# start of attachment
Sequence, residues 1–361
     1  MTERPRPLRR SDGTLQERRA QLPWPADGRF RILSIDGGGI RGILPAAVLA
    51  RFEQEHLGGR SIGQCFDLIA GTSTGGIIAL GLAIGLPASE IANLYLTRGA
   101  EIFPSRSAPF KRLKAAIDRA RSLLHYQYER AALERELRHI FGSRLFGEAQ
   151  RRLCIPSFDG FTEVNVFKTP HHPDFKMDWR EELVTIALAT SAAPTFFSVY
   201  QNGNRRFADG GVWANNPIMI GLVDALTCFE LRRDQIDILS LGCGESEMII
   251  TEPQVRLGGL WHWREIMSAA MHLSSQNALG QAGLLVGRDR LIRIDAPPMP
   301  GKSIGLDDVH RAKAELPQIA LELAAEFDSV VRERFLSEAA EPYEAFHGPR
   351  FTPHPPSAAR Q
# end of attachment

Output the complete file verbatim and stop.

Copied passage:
Sequence, residues 1–361
     1  MTERPRPLRR SDGTLQERRA QLPWPADGRF RILSIDGGGI RGILPAAVLA
    51  RFEQEHLGGR SIGQCFDLIA GTSTGGIIAL GLAIGLPASE IANLYLTRGA
   101  EIFPSRSAPF KRLKAAIDRA RSLLHYQYER AALERELRHI FGSRLFGEAQ
   151  RRLCIPSFDG FTEVNVFKTP HHPDFKMDWR EELVTIALAT SAAPTFFSVY
   201  QNGNRRFADG GVWANNPIMI GLVDALTCFE LRRDQIDILS LGCGESEMII
   251  TEPQVRLGGL WHWREIMSAA MHLSSQNALG QAGLLVGRDR LIRIDAPPMP
   301  GKSIGLDDVH RAKAELPQIA LELAAEFDSV VRERFLSEAA EPYEAFHGPR
   351  FTPHPPSAAR Q